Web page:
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ERIC Number: ED504913
Record Type: Non-Journal
Publication Date: 2009-Feb
Pages: 12
Abstractor: As Provided
Reference Count: 3
ISBN: N/A
ISSN: N/A
The Madness of Weighted Mean Faculty Salaries
Micceri, Theodore
Online Submission, Paper presented at the Annual Meeting of the Florida Association for Institutional Research (Cocoa Beach, FL, Feb 25-27, 2009)
Higher education frequently uses weighted mean faculty salaries to compare either across institutions, or to evaluate an institution's salary growth over time. Unfortunately, faculty salaries are an extraordinarily complex phenomenon that cannot be legitimately reduced to a single number any more than the academic construct of skills, knowledge, intelligence and experience of a prospective student can be encompassed by a single test score. Unfortunately, USF's faculty used weighted means in 2004 (Faculty Senate, 2004) to conclude: "...Faculty compensation at USF is unacceptably low, placing us well below peers nationally and regionally, and ranking lowest among doctoral level institutions in Florida." This paper attempts to clarify some of the confusing and misleading aspects of such faculty salary analyses by providing direct comparisons across institutions and showing that the concept of a weighted mean salary for a large institution suffers from at least the following problems: (1) Weighted mean salaries reflect an ill-suited misapplication of an accounting technique designed to estimate the labor cost per widget from different hourly skill levels wage levels. Higher education's three widgets of education, research and public service result from different contributions by graduate assistants, adjunct, assistant, associate and full professors. Unfortunately, weighted mean faculty salaries reflect a simplistic weighting by rank proportions of only assistant, associate and full professors; (2) Weighted mean salaries are computed using proportions of faculty at rank across institutions. Unfortunately, different Doctoral/Research institutions have different proportions at the three ranks used, and full professors average 35-50% more than associates, who average 10-20% more than assistants. Thus, UF, with 42% full professors in FY 2007 will have a substantially greater weighted mean salary than USF (32%) even ifs have thee mean salary at rank; (3) Rather large salary differences occur among disciplines, which exacerbates the negative effects of different proportions of higher and lower salaried ranks across disciplines; (4) Mature research institutions such as UF employ greater numbers of highly paid distinguished professors and high cited scholars, which further confuses comparisons; (5) Point estimators like the mean well represent the center of a symmetrical, centrally dense and light-tailed distribution of values. Unfortunately, faculty salaries are a tri-modal and highly skewed distribution of values which invalidates a single global estimate; and (6) Finally, and perhaps most importantly, salaries are influenced by the local cost of living which can vary substantially from place to place within a state. To better explicate some of the six limitations described above, this paper conducts a few exemplary comparisons of, weighted mean faculty salaries. (Contains 2 tables, 1 figure, and 7 notes.)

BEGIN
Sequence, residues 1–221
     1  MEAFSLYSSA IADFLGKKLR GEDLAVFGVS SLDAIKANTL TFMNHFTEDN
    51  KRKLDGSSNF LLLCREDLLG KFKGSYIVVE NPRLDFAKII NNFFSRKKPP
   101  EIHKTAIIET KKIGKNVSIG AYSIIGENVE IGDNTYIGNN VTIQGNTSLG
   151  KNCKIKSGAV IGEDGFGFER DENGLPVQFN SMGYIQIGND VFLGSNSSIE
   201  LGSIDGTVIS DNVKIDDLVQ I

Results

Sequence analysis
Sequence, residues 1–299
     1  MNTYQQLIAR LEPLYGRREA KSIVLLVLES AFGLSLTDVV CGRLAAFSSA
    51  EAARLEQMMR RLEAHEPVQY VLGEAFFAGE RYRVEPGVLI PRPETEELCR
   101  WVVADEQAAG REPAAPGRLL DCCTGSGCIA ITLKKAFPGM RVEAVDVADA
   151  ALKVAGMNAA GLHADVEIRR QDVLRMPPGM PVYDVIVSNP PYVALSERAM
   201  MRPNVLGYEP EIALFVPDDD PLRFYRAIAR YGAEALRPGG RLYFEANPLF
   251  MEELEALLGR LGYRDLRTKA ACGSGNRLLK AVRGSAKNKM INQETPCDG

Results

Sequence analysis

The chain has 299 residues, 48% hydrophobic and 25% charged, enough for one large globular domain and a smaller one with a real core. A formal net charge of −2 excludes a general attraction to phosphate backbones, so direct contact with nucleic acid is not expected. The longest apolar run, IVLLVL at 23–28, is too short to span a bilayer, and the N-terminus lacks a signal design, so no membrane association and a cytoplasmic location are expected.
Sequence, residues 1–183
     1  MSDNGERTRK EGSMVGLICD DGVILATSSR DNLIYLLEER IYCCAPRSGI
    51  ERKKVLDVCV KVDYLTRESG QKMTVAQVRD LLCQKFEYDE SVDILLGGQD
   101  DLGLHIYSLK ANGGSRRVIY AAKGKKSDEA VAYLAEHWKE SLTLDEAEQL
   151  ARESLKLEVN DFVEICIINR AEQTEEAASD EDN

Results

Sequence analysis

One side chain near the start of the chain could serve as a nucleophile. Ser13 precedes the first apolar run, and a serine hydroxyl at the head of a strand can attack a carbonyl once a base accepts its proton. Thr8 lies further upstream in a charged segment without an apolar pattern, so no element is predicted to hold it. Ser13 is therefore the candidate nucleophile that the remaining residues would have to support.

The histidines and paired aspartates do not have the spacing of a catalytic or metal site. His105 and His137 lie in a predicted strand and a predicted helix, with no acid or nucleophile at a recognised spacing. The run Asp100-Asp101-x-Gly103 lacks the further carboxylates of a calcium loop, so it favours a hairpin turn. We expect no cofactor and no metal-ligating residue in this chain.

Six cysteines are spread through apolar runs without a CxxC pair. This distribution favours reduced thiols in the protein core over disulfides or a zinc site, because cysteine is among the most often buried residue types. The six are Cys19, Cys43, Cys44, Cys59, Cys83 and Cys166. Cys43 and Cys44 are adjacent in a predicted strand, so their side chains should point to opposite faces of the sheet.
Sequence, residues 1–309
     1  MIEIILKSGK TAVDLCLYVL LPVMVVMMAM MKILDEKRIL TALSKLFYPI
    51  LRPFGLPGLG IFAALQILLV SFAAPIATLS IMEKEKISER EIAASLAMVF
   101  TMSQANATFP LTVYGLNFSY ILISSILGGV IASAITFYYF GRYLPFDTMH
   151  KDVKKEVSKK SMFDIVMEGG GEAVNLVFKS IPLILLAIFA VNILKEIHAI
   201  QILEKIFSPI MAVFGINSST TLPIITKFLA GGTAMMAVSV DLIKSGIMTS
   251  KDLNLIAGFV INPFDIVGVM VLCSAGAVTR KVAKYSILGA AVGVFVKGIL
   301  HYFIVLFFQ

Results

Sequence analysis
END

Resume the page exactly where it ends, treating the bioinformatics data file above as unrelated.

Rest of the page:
Publication Type: Reports - Evaluative; Speeches/Meeting Papers
Education Level: Higher Education
Audience: N/A
Language: English
Sponsor: N/A
Authoring Institution: N/A
Identifiers - Location: Florida